Bryson and McKimble returned to the house to find Marilyn cleaning her husband’s blood off the floor. She saw the two men’s clothes were bloody and ragged and had them dress in her dead husband’s before they left the house. The two men tossed their soiled clothes into a nearby river and found they were hungry. They used cash they’d fished out of Jim’s pants to buy themselves a couple sandwiches and drinks.
The burnt truck was later found at 5:15 a.m. on August 26, 1988. The driver’s side door was left open. It revealed Jim’s leg flat on the ground and his blackened body slumped behind the steering wheel. When Jim was finally identified by his dental records, William Clifford Bryson III was just two and half months old.
Bryson and Marilyn were later caught, tried, convicted, and sentenced to death together during the same trial on March 31, 1989. During the trial, Bryson and McKimble detailed two earlier fumbled chances they had to kill Jim Plantz, leaving the jury with the impression that, one way or another, the trio was going to kill him.
The jury took fewer than three hours to find them both guilty. Marilyn Plantz was executed by the state on May 1, 2001. She was just the second female ever to be executed by the state of Oklahoma. McKimble pleaded guilty to murder in first degree and was sentenced to life in prison in exchange for testifying against Bryson and Marilyn. He has a parole hearing scheduled for July 2015.
William Clifford Bryson III’s mother, Yolanda Butler, wasn’t ready to have a son. She was just 15 years old when she gave birth to Will, and there wasn’t a whole lot of fuss when the Oklahoma Department of Human Services made her baby a ward of the state. He passed through several foster homes until his paternal grandparents were able to sort through the bureaucracy and mounds of paperwork to gain custody of him.
“In the ‘90s, every piece of paperwork or anything that you had to have, you had to put your best foot forward,” Will said. “It took my grandparents a long time to put that best foot forward.”
When they did, though, they didn’t stop with just one foot. They raised Will as their own and made sure he had every opportunity they could afford him. He played sports, made friends, and grew like a weed. During his adolescent years, he didn’t talk with his mother much. She seemed fine with knowing Bryson’s people were taking care of her son while she did the best she could to take care of herself. Will can’t say he missed her all that much or held a grudge that she wasn’t around. Even now, at 26, he’s more inclined to see his birth through her eyes.
“I’m pretty sure at the time, being a 15-year-old kid, with a kid by a guy that was pretty much cheating on you and now kills someone and has been incarcerated, was bad enough,” Will said. “Being 12 years old and watching my dad die, it, like, cut real deep. I’m pretty sure she felt the same way when she became a single mother at the age of 15. She still hadn’t got her high school diploma. I’m sure that she was pretty distraught and let down. What teenager wouldn’t?”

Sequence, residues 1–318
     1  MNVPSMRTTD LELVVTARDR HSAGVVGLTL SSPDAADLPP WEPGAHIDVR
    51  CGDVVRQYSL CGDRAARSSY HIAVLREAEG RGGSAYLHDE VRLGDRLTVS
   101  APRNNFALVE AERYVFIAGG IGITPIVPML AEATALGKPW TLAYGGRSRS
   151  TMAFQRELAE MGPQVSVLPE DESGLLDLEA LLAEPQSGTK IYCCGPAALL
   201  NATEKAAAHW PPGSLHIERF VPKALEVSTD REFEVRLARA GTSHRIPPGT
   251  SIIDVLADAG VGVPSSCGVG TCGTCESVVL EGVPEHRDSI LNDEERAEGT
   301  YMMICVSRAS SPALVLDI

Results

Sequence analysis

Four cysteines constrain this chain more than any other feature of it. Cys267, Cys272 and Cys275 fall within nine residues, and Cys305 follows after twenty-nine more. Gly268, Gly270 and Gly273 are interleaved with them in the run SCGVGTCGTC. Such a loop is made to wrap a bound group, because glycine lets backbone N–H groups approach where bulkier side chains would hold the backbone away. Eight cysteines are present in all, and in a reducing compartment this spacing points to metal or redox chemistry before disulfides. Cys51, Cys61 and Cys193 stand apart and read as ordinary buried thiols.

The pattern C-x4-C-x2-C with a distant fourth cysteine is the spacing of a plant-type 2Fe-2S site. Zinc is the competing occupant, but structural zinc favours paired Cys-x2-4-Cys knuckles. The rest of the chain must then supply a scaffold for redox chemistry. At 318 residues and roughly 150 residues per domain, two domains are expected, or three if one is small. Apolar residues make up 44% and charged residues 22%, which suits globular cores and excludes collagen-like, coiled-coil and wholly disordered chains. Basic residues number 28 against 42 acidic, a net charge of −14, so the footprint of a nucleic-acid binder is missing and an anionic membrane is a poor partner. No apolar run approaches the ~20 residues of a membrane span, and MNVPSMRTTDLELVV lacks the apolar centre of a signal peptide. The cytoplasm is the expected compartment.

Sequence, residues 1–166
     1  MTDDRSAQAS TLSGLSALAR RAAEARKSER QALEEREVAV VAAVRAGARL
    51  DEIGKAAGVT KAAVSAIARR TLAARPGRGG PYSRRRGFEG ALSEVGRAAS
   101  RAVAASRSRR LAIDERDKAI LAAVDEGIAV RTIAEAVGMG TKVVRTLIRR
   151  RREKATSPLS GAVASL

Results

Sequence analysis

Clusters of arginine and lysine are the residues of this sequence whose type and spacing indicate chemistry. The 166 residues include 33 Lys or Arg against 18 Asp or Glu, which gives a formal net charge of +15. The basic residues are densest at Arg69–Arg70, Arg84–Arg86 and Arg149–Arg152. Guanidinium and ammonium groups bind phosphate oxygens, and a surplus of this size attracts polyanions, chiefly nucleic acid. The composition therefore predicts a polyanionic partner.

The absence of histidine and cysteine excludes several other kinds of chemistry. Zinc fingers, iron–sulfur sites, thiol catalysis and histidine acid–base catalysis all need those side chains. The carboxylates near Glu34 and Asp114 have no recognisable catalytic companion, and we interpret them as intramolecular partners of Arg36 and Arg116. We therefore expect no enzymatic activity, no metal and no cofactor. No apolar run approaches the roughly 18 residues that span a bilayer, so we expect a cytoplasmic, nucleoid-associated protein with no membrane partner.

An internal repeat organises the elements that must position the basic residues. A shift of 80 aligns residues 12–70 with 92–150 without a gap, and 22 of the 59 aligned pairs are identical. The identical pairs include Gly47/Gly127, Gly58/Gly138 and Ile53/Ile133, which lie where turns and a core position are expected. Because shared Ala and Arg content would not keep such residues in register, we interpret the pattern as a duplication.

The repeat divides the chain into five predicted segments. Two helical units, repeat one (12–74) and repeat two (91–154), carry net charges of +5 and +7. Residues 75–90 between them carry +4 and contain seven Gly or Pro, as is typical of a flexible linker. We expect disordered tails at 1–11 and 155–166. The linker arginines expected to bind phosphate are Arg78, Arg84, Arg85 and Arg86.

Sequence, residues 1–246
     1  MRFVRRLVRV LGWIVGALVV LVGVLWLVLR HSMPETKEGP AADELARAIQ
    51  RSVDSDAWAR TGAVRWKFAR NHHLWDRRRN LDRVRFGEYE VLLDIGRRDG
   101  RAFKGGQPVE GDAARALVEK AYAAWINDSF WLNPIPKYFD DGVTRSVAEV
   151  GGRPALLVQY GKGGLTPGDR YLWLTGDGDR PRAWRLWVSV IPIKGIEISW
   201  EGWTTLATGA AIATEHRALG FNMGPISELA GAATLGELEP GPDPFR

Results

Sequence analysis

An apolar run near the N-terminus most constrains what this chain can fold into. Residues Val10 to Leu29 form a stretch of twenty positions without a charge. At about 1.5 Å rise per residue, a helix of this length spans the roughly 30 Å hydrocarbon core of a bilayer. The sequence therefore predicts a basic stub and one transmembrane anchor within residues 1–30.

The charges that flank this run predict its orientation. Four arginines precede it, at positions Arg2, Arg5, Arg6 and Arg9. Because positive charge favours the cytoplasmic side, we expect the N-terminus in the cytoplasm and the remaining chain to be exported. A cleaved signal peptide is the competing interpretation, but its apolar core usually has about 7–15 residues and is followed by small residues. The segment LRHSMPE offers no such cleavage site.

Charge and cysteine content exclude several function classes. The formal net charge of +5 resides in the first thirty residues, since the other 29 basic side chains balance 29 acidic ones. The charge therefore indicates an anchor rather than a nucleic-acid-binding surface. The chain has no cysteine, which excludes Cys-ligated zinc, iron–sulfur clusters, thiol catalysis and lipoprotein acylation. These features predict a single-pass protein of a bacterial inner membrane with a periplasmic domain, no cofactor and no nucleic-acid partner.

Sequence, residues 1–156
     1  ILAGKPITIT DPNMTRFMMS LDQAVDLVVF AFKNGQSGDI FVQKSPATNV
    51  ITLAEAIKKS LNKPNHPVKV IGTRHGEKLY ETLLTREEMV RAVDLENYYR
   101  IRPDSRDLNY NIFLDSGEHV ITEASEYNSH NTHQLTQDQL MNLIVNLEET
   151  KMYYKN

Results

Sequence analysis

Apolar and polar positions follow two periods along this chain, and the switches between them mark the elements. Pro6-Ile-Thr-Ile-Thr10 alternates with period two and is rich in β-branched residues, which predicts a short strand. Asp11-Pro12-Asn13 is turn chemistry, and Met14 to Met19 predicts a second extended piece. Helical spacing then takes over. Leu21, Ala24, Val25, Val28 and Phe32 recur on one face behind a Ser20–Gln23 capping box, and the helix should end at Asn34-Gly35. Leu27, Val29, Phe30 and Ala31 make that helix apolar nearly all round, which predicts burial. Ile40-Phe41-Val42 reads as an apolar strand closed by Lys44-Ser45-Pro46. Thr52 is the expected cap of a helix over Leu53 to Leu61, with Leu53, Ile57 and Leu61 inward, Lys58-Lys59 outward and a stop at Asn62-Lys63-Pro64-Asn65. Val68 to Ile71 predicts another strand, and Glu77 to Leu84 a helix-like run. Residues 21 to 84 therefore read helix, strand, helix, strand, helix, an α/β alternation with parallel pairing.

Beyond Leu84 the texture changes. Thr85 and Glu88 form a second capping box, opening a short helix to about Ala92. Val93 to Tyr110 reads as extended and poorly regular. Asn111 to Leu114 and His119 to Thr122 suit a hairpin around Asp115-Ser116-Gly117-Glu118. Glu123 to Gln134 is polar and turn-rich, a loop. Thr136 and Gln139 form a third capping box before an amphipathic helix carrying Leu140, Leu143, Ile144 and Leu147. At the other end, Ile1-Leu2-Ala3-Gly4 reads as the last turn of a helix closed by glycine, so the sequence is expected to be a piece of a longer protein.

Will takes into account of all of it: How everyone else felt about what his father had done. How everyone else dealt with having a new baby thrust into the arms of two folks who had already raised their own children. How the family of Jim Plantz must feel about his being murdered. How everyone else felt about knowing his father was on death row. Will’s empathy has become a defining characteristic for him. That empathy was first tested when his grandfather made plain to him what his father had done.
Will was five years old when he first stepped foot into the Oklahoma State Penitentiary. He didn’t want to visit a prison, but it was the place he had to go if he wanted to meet his father. He asked his grandfather why he had to go to prison to meet his father. “Your father did something bad,” Will was told. “This is where you’ll go if you do something bad, too.”
Their first meeting wasn’t as sad as it was surreal. He’d made it through the gray-walled wings of the prison while breathing in the stale musk of the place. He made it past the telephone banks and the loud slamming cell doors on what felt more to him like a field trip than a trip to death row. When he finally reached his destination, an average-sized man in a gray cutoff shirt and blue pants stood before him, explaining that he was his father. The man followed up with a question.
“You know why I’m in here, don’t you?”
The words came out of William Bryson Jr.’s mouth more like an accusation than a question to his son’s ears. Will said he did, but his father wanted to make sure. Bryson went straight into what he’d done wrong, the terrible mistake he’d made, and then, satisfied that his son was sufficiently scared of those four walls, he settled into the man Will remembers him being. Their talks weren’t long, and they weren’t profound. They were talks about school, about sports, about how quickly Will was growing. The knowledge that these talks even occurred is what Will focuses on.
For seven years, Will’s grandfather drove him from Oklahoma City to the prison so that he could spend time with his father. In the final months of Bryson’s life, the point of the trips to McAlester began crystallizing for Will. His father wanted an opportunity to teach Will to do better.